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Gears We Never Use

"Life is like a ten-speed bicycle,
we all have gears we never use"

— Charles M. Schulz


In February 2015 Gary Taylor, from Ipswich, set off to cycle around the world for charity. Keep up to date via this website and through the channels below!

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Your Mountain Is Waiting

Country: Austria

With a full month of cycling under my belt, things are starting to take shape. I’m feeling a lot more relaxed about the magnitude of the trip and have now started to take a lot more pleasure in what I’m doing. I took a break in a hostel in Munich and it was nice to relax with some fellow travellers. It was also useful to rest myself physically as cycling every day and sleeping in a tent in the cold was taking it’s toll on my body. Soon after leaving Munich, travelling east, the jagged snow-capped peaks of the Alps suddenly loomed into view to the south of me after rounding a bend and my confidence waned slightly. I still wasn’t convinced that my body was in the shape needed to pedal a fully loaded bicycle over such a challenging landscape.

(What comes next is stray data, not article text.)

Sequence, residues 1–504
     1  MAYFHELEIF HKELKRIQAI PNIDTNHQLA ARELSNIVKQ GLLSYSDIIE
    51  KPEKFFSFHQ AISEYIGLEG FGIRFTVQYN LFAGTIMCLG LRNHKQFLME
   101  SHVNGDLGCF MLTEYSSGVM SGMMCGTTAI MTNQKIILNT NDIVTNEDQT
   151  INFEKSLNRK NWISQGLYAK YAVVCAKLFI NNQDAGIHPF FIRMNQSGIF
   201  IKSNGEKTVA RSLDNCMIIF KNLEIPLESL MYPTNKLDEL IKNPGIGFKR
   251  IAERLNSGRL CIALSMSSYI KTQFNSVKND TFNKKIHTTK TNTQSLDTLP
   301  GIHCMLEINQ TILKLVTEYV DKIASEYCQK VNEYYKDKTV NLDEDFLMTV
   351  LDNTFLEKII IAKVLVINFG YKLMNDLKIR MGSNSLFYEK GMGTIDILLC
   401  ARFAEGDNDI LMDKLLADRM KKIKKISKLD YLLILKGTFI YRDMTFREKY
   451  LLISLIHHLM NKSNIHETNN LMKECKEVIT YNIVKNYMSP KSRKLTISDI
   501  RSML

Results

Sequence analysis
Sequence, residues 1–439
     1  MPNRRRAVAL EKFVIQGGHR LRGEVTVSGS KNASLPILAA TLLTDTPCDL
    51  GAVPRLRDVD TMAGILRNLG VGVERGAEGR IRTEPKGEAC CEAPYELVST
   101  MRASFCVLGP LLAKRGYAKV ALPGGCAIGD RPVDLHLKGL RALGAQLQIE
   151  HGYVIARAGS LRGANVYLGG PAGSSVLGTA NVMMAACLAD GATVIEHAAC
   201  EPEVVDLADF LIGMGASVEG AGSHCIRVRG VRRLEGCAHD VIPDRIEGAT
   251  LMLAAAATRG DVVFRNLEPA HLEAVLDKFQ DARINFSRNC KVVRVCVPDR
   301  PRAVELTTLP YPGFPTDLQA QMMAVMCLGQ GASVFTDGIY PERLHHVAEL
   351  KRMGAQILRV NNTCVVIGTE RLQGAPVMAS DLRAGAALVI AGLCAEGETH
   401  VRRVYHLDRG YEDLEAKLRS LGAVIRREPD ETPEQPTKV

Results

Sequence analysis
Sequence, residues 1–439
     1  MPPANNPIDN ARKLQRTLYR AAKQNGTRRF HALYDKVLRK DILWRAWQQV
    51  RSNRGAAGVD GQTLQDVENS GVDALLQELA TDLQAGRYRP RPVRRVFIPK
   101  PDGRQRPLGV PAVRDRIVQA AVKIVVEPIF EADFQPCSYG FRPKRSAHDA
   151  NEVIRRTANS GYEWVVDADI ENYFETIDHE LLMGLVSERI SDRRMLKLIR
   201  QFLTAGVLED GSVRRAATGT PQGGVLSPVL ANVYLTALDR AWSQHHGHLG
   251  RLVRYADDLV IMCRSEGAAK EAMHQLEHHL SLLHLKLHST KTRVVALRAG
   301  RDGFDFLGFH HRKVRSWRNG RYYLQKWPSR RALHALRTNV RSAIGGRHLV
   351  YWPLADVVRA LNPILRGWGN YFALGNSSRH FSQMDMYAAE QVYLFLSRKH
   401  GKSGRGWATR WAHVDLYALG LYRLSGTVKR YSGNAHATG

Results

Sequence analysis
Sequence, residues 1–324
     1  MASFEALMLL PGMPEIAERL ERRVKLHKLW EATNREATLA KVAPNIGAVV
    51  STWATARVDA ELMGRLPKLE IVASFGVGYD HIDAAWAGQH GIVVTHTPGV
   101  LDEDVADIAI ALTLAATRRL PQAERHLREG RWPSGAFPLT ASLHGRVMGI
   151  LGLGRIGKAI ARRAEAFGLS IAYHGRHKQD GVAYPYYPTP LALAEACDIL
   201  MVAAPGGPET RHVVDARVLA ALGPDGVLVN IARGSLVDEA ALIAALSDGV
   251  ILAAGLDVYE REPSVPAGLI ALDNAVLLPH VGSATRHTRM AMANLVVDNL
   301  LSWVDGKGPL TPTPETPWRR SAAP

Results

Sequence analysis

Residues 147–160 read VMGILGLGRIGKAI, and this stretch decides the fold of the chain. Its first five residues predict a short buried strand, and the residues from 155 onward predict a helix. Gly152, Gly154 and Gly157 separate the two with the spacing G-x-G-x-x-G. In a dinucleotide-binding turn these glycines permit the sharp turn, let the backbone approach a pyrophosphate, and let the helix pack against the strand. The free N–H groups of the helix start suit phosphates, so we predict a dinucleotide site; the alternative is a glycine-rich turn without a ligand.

I spoke to people whose land I camped on and was advised that the roads ahead were clear of snow and ice and that the weather would stay good for a few days, but then there would be rain and I should make sure I’m back down by then. Also, more by luck than judgement, the route I had planned was the most efficient way to cross through to Slovenia.


I worked myself hard on the first day, with the hope of getting up and over in one push. I reached the town of Obertauern, at 1738m altitude, after a few hours of exhausting pedalling. I stopped at the top and chatted to some skiers who told me that it was all downhill to the Slovenian border. I found the next day that this was entirely untrue, as, after about 8km of downhill cruising, I reached another steep climb that continued for about 4km. My legs were utterly useless from the previous day, so I decided to push the bike for a while. This didn’t really help as my legs were just as bad at that. So I pedalled slowly up to the top. The next day was flat and I felt some energy returning. I camped at some stables that night, knowing I had one final climb before the border. The guys at the stable told me the climb would begin immediately out of their village and last for just over 10km, this information proved accurate and I was finished with climbing by midday.


I enjoyed an afternoon flying downhill all the way to the capital city of Slovenia, Ljubljana, and found my way to the fantastic Tivoli hostel, where I am now resting (Again!). I’m very much looking forward to the next few weeks heading to Istanbul. I can feel that I have developed a great deal of strength in a very short space of time and that once I’ve enjoyed some rest and eaten a lot of protein, I should finally be able to let loose some real pace and increase my daily distances.